not understand. The Judiciary sometimes arbitrates a treatment. I think that, are you going to
perform the treatment if this treatment is scientifically incoherent, if the user is going to be harmed
with it, will [the Judiciary] assume the costs and
outcomes? (INTERVIEWEE 4)
Besides the macro-environmental issues and those
related to work environment, aspects about the scenario of work have also been mentioned by the interviewees, that is, the cooperative manager. In the point
of view of the UNIMED-Beta directors, being an associated doctor is the result of a demand from doctors because of the expansion in the number of companies in
the segment of supplementary health. It is a type of organization in which the doctor is the “owner”, therefore
directing, deciding, and transforming what is understood as peace of mind because the UNIMED cooperative allows the defense and struggle for the profession.
UNIMEDS grew, and we are here. Being
an associated doctor today is almost a necessity
because of the system in operation in the entire
country, through several health plans, many
health insurance companies, and several health
plan companies. So, the cooperative was a necessity. It is a company, but it is our company,
we are the owners, we are managing, solving
things, changing; so, we work on it, I think it is a
tranquility that we have to defend ourselves and
to fight for the profession. (INTERVIEWEE 2)
Being an associated doctor is also seen as something modern, widespread in first world countries. It
is understood as a much better combination between
cooperation and professionalism because everyone
works, and the result is proportional to productivity.
In the point of view of directors, the associated doctors feel satisfied with the UNIMED-Beta.
Associated doctor is a modern thing today.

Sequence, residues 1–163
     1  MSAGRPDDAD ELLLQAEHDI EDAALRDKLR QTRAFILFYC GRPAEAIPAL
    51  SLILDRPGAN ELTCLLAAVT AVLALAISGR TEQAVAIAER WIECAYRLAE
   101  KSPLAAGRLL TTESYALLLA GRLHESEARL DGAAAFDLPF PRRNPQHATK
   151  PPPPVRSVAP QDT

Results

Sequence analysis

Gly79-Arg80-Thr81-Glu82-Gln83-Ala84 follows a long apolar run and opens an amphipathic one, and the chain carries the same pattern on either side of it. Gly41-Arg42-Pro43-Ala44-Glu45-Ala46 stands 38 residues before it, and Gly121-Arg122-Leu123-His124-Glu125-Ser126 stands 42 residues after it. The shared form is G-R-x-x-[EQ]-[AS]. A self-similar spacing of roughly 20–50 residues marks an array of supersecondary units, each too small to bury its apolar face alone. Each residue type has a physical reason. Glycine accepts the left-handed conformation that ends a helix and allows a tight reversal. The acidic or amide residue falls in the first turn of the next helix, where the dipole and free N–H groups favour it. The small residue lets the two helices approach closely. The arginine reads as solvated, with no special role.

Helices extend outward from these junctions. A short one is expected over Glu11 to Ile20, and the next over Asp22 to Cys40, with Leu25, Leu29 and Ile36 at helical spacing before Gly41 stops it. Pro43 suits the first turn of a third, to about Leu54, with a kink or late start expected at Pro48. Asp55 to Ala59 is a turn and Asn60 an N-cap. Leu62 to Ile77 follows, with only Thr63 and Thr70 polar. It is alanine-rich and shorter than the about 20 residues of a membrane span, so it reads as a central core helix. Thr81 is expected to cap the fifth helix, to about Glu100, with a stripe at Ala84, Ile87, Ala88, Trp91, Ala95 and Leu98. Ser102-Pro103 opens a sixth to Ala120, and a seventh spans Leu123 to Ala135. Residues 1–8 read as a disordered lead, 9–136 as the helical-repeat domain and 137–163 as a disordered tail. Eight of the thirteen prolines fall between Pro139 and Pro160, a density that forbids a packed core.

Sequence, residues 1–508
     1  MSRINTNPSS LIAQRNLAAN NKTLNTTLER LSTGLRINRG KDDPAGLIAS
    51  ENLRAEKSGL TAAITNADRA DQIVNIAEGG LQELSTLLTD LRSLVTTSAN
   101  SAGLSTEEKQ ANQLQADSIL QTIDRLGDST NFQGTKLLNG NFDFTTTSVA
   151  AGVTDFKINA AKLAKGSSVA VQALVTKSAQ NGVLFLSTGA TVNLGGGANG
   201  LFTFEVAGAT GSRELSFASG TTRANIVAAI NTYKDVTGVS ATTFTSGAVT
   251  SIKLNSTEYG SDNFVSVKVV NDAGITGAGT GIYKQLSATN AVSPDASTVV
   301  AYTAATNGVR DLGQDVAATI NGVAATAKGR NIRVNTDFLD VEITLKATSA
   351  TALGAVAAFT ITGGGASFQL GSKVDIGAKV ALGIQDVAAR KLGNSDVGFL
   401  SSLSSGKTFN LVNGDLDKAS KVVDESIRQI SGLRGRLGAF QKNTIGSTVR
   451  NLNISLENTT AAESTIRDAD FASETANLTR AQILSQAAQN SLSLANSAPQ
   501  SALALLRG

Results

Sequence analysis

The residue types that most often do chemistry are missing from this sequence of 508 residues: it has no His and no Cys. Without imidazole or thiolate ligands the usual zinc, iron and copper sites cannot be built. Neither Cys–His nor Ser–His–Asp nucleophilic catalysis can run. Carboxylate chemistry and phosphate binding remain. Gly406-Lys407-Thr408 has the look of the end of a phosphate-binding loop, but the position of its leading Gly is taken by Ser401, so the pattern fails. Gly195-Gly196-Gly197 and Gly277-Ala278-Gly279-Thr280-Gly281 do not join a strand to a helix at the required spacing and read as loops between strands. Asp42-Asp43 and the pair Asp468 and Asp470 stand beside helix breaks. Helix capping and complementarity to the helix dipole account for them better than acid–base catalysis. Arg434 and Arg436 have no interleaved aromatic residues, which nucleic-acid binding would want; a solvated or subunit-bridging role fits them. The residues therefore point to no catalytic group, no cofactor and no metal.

If we could, everyone would be associated, in
Europe and in first world countries cooperatives
are much larger than in Brazil. The idea of cooperation and professionalism is much better. In
Germany, I think that 70% of the population is associated. I am talking about more or less data; in
Brazil 5% of the population is associated. So, in
the cooperation, if everybody works and shares,
there is fair share among doctors, those who
work hard earn a lot, and those who work less
Contextual dimensions of Work: the Vision of Executive Directors from the Unimed in Minas Gerais
earn less. It is a very good thing that tends to be
more homogeneous. And the doctors are satisfied with the UNIMED here. (INTERVIEWEE 3)
According to testimonies, being a director at UNIMED means to have a participatory and cooperative
spirit, as well as to understand the cooperative as a
different possibility of work from that offered by other
health insurance companies or health services.
I have this more participatory spirit, more
cooperative. So, although I think I have a different point of view from other colleagues, working
in this medical and healthcare trajectory, we saw
medical cooperativism emerging as an alternative
to other health insurance plans. (INTERVIEWEE 1)